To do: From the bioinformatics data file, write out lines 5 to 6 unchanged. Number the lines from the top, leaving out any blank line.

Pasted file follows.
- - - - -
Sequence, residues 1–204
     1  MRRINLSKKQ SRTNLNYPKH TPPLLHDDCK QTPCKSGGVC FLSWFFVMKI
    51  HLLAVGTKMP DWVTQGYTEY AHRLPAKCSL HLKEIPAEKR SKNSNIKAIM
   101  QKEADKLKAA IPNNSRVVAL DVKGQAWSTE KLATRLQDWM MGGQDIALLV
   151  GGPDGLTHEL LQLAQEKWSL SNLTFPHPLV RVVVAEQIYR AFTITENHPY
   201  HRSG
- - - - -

   151  GGPDGLTHEL LQLAQEKWSL SNLTFPHPLV RVVVAEQIYR AFTITENHPY
   201  HRSG